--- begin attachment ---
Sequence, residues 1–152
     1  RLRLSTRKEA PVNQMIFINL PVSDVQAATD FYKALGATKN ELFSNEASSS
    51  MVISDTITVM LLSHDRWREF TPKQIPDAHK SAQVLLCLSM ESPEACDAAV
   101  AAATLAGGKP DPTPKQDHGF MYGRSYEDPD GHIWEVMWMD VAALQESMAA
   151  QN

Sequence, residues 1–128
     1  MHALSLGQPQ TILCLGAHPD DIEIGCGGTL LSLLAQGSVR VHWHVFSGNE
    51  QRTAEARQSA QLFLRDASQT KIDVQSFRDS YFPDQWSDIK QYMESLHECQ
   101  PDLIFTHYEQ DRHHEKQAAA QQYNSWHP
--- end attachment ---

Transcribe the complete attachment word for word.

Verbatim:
Sequence, residues 1–152
     1  RLRLSTRKEA PVNQMIFINL PVSDVQAATD FYKALGATKN ELFSNEASSS
    51  MVISDTITVM LLSHDRWREF TPKQIPDAHK SAQVLLCLSM ESPEACDAAV
   101  AAATLAGGKP DPTPKQDHGF MYGRSYEDPD GHIWEVMWMD VAALQESMAA
   151  QN

Sequence, residues 1–128
     1  MHALSLGQPQ TILCLGAHPD DIEIGCGGTL LSLLAQGSVR VHWHVFSGNE
    51  QRTAEARQSA QLFLRDASQT KIDVQSFRDS YFPDQWSDIK QYMESLHECQ
   101  PDLIFTHYEQ DRHHEKQAAA QQYNSWHP